AFTER SPENDING THREE MONTHS ON an investigation that must have rung up hundreds of thousands of dollars in billable hours, the team of lawyers hired by CBS to investigate its scandalously spurious report about George W. Bush's long-ago National Guard service finally concluded last week that CBS shouldn't have aired the September 8 broadcast at all. Former attorney general Dick Thornburgh and former Associated Press chief Louis D. Boccardi, who led the investigative panel, declared that there had simply been too many questions about the veracity of the supposedly bombshell documents on which it relied.
In other words, the Thornburgh-Boccardi team said little more than CBS News had already acknowledged all the way back on September 20, the very day the two men were first asked to undertake their investigation. Aside from some fascinating tidbits here and there in the course of its 224 pages, the report adds little to the storehouse of knowledge about the libelous hit job on the president--a storehouse of knowledge that was already nearing capacity within a mere 18 hours of the broadcast itself.
Stockholders in Viacom, the parent company of CBS, may want to grill network president Leslie Moonves about fiduciary responsibility. Not because CBS has been forever tainted by the scandal, though it surely has been. Simply put, there was no reason for Moonves to spend half a million dollars of the network's money on a report that could have been written for free by an intern with a dial-up Internet connection and a decent knowledge of how to use Google effectively.
A brief recap: Just after 8 p.m. Eastern time on September 8, 2004, Dan Rather reported on 60 Minutes that CBS possessed documents written in 1972 and 1973 by George W. Bush's superior officer in the Texas Air National Guard. The documents, procured by superstar producer Mary Mapes, indicated that young Dubya had defied a direct order from his superior--an enormously serious charge to level against a commander in chief in a time of war. CBS posted photographs of the documents on its website. Less than four hours later, at 11:59 p.m., an Atlanta lawyer named Harry MacDougald dropped a comment onto a long chain of complaints about the show on the conservative website freerepublic.com. (It doesn't cost anything to read freerepublic.com.)
MacDougald said he believed the memos were forgeries because they appeared to be typographical anachronisms. His cursory examination of them revealed that they were proportionally spaced--like this very line of type you're reading right now. But while proportional spacing is something that word-processing programs on personal computers do as a matter of course, conventional typewriters in use in 1972 could not do it at all. (MacDougald didn't charge anyone for his analysis.)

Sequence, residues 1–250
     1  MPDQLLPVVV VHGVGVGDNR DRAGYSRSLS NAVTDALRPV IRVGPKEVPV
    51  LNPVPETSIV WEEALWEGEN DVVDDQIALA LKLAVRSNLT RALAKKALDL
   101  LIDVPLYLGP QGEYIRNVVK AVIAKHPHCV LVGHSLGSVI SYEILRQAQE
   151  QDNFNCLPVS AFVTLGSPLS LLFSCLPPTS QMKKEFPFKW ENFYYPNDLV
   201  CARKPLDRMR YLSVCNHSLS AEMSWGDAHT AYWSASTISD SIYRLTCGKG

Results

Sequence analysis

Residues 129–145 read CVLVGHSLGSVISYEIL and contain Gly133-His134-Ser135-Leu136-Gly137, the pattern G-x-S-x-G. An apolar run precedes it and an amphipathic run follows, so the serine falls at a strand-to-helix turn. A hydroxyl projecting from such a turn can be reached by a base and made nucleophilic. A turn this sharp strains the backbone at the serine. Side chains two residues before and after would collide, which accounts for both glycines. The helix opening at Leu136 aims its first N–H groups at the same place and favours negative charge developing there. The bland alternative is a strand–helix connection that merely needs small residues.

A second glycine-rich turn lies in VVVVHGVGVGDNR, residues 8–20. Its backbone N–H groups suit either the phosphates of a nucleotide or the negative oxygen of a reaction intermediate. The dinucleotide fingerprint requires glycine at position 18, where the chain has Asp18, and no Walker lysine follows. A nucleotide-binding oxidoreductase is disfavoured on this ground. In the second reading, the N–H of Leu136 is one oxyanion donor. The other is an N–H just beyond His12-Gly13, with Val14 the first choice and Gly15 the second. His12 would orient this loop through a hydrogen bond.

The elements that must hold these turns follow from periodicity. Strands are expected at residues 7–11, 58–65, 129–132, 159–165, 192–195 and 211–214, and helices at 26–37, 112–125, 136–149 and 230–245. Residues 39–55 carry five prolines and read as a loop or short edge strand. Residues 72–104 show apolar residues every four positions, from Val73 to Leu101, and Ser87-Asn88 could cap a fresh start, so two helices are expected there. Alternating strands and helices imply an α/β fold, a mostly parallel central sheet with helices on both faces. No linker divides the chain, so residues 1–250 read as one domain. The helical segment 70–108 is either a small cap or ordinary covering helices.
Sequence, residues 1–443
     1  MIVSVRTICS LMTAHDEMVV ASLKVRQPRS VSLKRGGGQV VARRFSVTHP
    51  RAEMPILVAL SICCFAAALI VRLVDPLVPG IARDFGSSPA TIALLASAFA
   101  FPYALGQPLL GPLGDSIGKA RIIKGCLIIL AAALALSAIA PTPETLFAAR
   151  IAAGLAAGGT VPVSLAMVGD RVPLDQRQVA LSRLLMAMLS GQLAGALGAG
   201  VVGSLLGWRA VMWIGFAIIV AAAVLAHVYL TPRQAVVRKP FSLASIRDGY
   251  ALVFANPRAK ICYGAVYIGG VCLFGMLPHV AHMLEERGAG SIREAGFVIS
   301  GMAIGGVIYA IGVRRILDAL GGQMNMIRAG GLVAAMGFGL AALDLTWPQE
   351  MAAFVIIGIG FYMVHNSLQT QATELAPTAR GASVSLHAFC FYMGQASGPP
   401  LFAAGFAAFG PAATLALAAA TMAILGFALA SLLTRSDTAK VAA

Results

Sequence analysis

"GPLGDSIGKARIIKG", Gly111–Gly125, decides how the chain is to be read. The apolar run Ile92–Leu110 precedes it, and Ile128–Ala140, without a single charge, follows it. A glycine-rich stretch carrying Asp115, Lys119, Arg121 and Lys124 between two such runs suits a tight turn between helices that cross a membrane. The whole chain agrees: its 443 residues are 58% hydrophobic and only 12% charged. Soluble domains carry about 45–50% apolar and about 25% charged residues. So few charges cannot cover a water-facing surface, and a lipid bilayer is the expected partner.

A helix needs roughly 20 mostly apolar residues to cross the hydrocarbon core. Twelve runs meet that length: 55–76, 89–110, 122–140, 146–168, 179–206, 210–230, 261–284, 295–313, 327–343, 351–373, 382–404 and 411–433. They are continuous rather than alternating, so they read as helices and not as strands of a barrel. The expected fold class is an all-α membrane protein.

Two people emailed his remark to another conservative website, powerlineblog.com, which gave it wider distribution early the next morning. (Power Line is run free of charge.) A few hours after that, a jazz musician and website designer named Charles Johnson printed out one of the CBS files and retyped the text on his own computer using the default settings of Microsoft Word. When he printed out the CBS file and then his own Microsoft Word file and layered one on top of the other, Johnson discovered they were identical. Later, Johnson went to the trouble of making a little animated movie showing how the documents blended together exactly and posted it on his website, littlegreenfootballs.com. (The price Johnson charged to watch his movie: Nothing.)
Johnson posted his finding on littlegreenfootballs.com at 1:24 p.m., September 9. This was nearly irrefutable evidence that a supposed 1972 memo had actually been typed on a computer using modern word-processing software. A mere 18 hours after the broadcast, CBS was (in the now immortal capitalized word of the network's own chief PR flack Gil Schwartz) "TOAST."
Despite Schwartz's appropriately hysterical warning (in an internal September 10 email reproduced in the Thornburgh-Boccardi report), CBS had committed itself to an aggressive self-defense, with Rather hotly defending the story on the CBS Evening News and his producer Mary Mapes doing follow-up reports intended to buttress the case for the documents. The network remained in this snarling self-defense mode for 11 days, even as growing layers of evidence--most of it still being produced free of charge by people releasing their analyses on blogs--continued to buttress the unassailable conclusion that the documents had been fabricated.